1 TB disk

is finally here. Tech Report has tested the new Hitachi 7K1000 hard drive. Some quick facts are:

  • 32 MB cache
  • 200GB per platter that gives a data transfer rate of 300MB/sec
  • UER of 1.0E15 bits or 1.0E14 bytes transferred, which means that we will encounter an error after a disk is read for about 100 times.

There may be many techniques for getting around with the UER problem. For example, we may, for scrubbing, use only oppurtunistic scanning so that we don’t end up scanning the surface separately.

Jim Gray (now missing, lost into the seas) predicted that the pipe that comes out of the hard disk is not getting fat, while the storage tank itself is getting fatter. With the recording density increasing, one can see that the throughput is also increasing. 300MB/sec is app. 10 times better than that of a normal disk, which means that an entire disk can be read in about a couple of hours!!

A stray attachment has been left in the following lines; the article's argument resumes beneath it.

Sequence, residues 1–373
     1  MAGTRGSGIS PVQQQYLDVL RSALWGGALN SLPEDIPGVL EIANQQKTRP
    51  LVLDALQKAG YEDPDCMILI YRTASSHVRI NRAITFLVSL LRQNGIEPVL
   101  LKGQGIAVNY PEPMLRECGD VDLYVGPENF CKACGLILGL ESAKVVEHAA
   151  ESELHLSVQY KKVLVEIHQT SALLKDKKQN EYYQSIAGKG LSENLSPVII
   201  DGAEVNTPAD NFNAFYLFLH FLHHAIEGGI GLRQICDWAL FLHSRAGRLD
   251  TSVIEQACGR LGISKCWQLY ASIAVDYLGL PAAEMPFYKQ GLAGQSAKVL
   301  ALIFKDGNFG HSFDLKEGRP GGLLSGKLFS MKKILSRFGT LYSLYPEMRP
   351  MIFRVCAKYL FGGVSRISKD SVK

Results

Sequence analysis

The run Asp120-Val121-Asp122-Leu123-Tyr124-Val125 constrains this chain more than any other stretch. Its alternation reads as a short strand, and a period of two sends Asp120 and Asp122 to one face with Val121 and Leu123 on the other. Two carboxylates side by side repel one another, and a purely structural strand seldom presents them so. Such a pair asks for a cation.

What are the new problems that may arise with a 1 TB disk? With the data capacity increasing, any complete disk scan operation (like disk scrubbing, backup, indexing etc.) will increase the chances of facing an unrecoverable error. So, these disk sweep operations have to be kept at minimum or have to be batched.

Another problem is that failure of a disk results in the loss of an entire TB of data. No point in going for a RAID-5 drive, if you cannot afford more than two disks. Even if you, Robbin Harris has already pointed out that RAID-5 won’t work as the number of disks in the RAID-5 array increases. So, it mostly have to be a mirrored data.

Geeki’s take:

I have learned that there are two kinds of people in this world: those who crib/complain and those who do not.

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